Guilty of Love
By Jane Bramwell and Michael Brand
Directed and Produced by David Kettle
Hill Street Theatre, Edinburgh
Duration 90 minutes
Alan Turing, one of the most wronged men, undone by the UK’s notorious 1885 Offences Against the Person Act, is the centre of this wonderful musical play. With a musical nod in places, to the construction of ‘A Little Night Music’ with it’s fine use of a Greek Chorus’ and some Gilbert & Sullivan patter, this story is a moving tribute to a man who helped end World War II with his work on cracking codes and inventing computers.
Jamie Sheasby steals your heart with his portrayal of Turing and all his complexities and integrity. He is a fine singer and never falters in expressing the difference that endears him to an audience. ‘This thoughtful plotline does terrific justice to the schoolboy love story that sustained Turing throughout his life. No one knows if a first love lasts, but Head boy ‘Christopher Morcom’ gets his voice beautifully here in this plot with a lovely portrayal by Alan Hornyak, who also doubles up with a scored narrative, equivalencing the experience of another misunderstood man 2000 years ago.
The staging is somewhat static, with characters being positioned to convey their next scene, and the placing in the Courtroom scene did not work well. The Greek chorus which also plays a multitude of characters is a powerful and reliable presence throughout. The strong score, beautifully arranged is delivered with tuneful clarity by six players Caitlin Downie, Alasdair Baker, Helen Holman, Rhys Anderson, Joanna Harte and Stephen Wren, proving as always it is quality and not quantity that does the greatest justice to good music.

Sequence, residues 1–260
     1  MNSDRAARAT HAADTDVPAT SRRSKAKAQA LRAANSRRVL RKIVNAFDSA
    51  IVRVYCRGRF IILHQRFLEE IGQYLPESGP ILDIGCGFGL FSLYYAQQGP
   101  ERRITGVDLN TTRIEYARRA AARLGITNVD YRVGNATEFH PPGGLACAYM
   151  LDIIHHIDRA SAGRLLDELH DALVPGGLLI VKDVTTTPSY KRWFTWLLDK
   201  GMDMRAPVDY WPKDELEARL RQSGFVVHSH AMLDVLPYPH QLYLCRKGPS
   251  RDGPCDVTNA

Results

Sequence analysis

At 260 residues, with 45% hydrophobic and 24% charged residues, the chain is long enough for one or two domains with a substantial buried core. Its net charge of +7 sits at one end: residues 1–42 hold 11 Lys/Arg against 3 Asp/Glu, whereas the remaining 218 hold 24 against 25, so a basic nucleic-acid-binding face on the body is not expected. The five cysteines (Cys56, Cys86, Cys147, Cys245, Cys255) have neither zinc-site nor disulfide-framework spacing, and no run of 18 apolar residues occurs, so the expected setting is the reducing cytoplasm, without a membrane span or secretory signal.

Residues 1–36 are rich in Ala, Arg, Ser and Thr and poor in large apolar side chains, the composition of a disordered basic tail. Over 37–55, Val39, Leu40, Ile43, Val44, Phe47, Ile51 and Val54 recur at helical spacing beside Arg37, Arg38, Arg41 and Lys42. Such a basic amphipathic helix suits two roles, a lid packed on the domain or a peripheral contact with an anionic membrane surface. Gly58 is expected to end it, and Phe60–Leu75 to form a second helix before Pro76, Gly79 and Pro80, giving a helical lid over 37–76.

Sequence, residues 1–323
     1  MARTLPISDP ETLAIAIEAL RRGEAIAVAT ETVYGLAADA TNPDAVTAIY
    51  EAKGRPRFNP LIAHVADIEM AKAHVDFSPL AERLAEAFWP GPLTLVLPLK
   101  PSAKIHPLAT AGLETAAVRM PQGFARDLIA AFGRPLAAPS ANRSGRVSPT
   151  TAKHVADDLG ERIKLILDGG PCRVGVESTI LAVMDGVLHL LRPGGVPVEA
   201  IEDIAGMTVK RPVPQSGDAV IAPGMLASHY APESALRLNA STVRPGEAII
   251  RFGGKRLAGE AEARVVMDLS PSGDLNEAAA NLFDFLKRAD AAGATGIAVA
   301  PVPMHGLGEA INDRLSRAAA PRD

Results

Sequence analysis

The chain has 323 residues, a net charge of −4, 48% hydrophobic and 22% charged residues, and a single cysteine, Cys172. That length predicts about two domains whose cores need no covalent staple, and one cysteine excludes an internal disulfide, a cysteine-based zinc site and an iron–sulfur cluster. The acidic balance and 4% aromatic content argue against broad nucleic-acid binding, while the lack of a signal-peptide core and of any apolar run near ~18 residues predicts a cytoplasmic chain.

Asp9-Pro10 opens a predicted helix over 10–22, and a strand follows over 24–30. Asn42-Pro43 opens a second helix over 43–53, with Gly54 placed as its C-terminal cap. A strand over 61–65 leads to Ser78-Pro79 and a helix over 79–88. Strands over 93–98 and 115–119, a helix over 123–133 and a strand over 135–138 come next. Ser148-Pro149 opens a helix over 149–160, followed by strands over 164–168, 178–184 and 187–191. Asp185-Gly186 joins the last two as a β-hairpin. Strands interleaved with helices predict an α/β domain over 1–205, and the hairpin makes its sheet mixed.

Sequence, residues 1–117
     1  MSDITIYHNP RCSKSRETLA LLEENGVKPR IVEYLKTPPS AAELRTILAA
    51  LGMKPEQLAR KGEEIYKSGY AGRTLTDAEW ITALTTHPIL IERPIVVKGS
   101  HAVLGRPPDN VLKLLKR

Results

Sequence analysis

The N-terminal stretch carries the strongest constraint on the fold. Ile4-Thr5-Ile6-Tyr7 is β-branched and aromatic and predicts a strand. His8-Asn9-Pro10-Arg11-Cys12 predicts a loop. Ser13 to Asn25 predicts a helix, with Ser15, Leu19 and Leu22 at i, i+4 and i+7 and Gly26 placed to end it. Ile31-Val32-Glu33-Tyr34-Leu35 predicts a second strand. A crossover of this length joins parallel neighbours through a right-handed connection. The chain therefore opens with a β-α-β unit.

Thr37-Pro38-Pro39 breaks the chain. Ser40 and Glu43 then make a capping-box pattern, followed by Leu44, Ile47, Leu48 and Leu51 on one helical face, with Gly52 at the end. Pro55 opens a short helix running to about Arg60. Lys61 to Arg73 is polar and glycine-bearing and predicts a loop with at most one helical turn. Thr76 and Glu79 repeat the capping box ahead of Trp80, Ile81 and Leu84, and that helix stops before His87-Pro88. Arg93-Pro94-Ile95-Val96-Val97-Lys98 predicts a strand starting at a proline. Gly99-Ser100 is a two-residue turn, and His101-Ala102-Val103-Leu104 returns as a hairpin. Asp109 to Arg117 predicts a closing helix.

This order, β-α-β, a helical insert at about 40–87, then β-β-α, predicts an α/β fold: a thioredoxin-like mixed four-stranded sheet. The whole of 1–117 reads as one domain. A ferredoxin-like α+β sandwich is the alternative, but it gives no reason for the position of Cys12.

Justice is of course absent from the Turing story. We meet many good people along the way, who were ahead of their time in understanding the genius of difference and difference in love. Mrs Morcom, The Commander, The Defence Counsel and the one-time fiancée a beautifully sung Joan, all stand out at times, but as with every good musical, the ensemble work shines consistently throughout.
This is a fine modern piece of musical theatre that would behold any company of 8 talents to produce. Everyone has a real contribution to make and its unpeeling of the catastrophe of prejudice is calmly but firmly played out, with a sense of inevitability that heightens the ultimate loss.
Turing was a real hero, a hero of truth, a genius at numbers. The final ignominy in his story is that he was pardoned in recent years for his crimes. That in itself is another act of arrogance. In truth, it is he that needs to pardon the system which so cruelly turned its back on his genius and his humanity. If you don’t know the story, you will after seeing ‘Guilty of Love’. It is a beautiful musical construction of a true story, innovatively scored and performed with real style and authenticity. If Turing cannot pardon the system, he is greatly honoured in this musical homage – 90 minutes of the best of musical theatre.